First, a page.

The incidence of diabetes is rapidly increasing in the United States, and the Federal Drug Administration (FDA) has recently released numerous new medications. Nurses need knowledge of diabetes medications in order to assist patients in understanding how their ordered medications control diabetes.
According to the United States Department of Health and Human Services (2011), about 25.8 million people in the United States have diabetes mellitus and 7 million Americans are undiagnosed. Type 2 diabetes accounts for about 90% of cases of diabetes in adults.
Diabetes is a disease that requires complex balancing of self-management behaviors prescribed by health care providers and carried out by the patient with diabetes. Literature describes factors that influence medication adherence such as cost, medication beliefs, participatory decision-making, and health literacy (Aikens & Piette, 2009; Kocurek, 2009; Parchman, Zeber, & Palmer, 2010).The incidence of Type 2 diabetes in specific cultural groups, such as the high rates currently seen in Latino groups, remind caregivers to consider ethnic factors when developing a treatment plan.
Lifestyle modification, defined as intervening in meal planning and activity to achieve glucose targets, is the foundation of Type 2 diabetes management (American Diabetes Association [ADA], 2012). Increasingly, diabetes medications are used at the time of diagnosis, or very early in the disease process, in combination with medical nutrition therapy and lifestyle modification.
When diabetes management includes treatment with medication, the plan becomes more complex. In the past, clinicians have never had as many pharmacologic options to choose from to treat diabetes as those that are currently available. Medication choices are based upon a number of factors: the course of the disease, the effectiveness of lifestyle modification, the predicted insulin sensitivity, and the expected effect on glycosylated hemoglobin (HgbA1c) (Rodbard et al., 2009). Nurses are in an important position to assist patients with diabetes in understanding the nature of the medications prescribed.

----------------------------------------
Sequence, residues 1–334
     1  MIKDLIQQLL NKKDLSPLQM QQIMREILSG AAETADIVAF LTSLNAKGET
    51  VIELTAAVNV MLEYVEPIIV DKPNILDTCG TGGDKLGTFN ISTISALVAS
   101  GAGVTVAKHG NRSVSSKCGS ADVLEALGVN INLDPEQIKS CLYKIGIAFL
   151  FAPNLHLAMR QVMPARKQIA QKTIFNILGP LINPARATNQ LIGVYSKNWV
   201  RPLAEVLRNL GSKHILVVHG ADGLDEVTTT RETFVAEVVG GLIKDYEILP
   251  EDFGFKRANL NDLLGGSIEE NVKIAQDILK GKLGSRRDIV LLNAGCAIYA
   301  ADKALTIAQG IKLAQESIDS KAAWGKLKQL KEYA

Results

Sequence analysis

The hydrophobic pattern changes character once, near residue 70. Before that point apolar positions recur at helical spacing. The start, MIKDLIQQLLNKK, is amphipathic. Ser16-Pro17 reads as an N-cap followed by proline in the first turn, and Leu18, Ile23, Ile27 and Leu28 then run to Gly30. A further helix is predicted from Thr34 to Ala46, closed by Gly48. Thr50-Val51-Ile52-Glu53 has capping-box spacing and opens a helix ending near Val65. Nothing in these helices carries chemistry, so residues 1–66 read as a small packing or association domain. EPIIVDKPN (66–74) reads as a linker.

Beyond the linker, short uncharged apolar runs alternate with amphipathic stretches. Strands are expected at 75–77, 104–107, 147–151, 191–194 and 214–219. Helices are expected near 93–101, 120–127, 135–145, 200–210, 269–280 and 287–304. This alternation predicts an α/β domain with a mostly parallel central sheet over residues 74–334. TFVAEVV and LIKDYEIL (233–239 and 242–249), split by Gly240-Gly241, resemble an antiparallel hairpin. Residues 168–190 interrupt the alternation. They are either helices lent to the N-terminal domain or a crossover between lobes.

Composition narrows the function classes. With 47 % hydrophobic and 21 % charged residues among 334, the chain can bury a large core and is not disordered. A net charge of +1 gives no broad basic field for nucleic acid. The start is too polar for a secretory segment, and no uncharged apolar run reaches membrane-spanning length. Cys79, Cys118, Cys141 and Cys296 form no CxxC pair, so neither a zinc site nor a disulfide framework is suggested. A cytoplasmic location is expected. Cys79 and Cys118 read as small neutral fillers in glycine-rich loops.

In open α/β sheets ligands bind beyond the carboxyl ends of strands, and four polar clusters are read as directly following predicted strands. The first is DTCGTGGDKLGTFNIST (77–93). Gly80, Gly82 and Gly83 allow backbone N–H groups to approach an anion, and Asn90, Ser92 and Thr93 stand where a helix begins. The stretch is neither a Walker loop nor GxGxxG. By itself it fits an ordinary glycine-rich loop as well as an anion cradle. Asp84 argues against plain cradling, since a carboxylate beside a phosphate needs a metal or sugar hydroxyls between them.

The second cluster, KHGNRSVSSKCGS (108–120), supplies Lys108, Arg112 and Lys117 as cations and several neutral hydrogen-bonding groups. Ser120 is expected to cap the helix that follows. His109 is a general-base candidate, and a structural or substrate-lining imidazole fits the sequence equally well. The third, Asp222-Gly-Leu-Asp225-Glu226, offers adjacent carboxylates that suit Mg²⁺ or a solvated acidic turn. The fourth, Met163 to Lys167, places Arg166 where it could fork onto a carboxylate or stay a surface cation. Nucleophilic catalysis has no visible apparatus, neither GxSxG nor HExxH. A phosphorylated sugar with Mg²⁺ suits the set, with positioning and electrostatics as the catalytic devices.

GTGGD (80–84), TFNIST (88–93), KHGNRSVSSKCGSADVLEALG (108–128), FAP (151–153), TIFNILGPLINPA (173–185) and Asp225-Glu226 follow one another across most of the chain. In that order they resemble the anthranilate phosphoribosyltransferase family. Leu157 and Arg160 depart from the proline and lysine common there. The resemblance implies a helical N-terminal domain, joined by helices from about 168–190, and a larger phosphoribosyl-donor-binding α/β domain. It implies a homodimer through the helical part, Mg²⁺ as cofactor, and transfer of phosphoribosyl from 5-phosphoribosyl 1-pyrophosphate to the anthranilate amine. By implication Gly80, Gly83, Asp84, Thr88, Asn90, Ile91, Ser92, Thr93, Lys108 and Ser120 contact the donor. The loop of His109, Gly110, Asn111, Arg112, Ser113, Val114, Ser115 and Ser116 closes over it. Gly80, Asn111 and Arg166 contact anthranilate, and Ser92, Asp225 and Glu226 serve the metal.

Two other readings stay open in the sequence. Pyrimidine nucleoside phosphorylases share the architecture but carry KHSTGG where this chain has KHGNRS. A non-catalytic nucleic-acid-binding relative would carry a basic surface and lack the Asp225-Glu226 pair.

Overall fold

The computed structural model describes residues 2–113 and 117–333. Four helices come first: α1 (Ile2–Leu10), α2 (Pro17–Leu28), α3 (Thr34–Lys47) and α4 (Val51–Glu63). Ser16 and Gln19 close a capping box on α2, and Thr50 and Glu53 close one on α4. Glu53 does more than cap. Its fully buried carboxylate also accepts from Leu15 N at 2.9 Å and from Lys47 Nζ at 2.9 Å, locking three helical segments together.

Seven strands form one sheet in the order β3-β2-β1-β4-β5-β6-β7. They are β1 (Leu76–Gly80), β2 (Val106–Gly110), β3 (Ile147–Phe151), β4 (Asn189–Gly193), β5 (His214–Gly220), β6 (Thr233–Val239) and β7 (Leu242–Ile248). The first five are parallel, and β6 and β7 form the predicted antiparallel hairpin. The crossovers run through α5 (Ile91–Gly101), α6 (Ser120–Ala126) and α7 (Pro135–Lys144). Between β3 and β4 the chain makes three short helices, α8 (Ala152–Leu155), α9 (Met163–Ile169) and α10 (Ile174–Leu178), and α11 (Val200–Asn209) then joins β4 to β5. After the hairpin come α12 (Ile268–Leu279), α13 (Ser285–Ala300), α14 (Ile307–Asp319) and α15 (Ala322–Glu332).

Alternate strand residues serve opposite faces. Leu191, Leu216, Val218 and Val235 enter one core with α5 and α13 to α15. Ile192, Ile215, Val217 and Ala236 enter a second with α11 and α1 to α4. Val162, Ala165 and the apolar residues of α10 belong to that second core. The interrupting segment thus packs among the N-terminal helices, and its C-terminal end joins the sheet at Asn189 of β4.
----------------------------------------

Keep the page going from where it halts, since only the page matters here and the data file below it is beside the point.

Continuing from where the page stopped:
The approach to medication management recommended by The American Association of Clinical Endocrinologists (AACE) is based in part upon the HgbA1c level at the time of presentation. Persons who present with a HgbA1c level between 7.6% and 9% are usually started on I-2 medications and lifestyle modification at the same time (Rodbard et al., 2009). The recommendation of both the ADA and the AACE is a target HgbA1c level of less than 7% in the general diabetes population and less than 6.5% in the very young or those treated early in the disease process (ADA, 2012; Rodbard et al., 2009).Treatment goals should be individualized based upon the associated risks. In the elderly or those with multiple comorbid conditions or a limited life expectancy, a goal of an HgbA1c of 7.5% may be appropriate. A key to rapid achievement of the targeted level is regular measurement of HgbA1c every 2-3 months during therapy adjustments. This schedule ensures timely evaluation of the effectiveness of the regimen and reduces the risk of prolonged use of ineffective therapies (ADA, 2012).At each interval of adjustment of medications, it is important to evaluate the HgbA1c for responsiveness to...
This is a preview. Get the full text through your school or public library.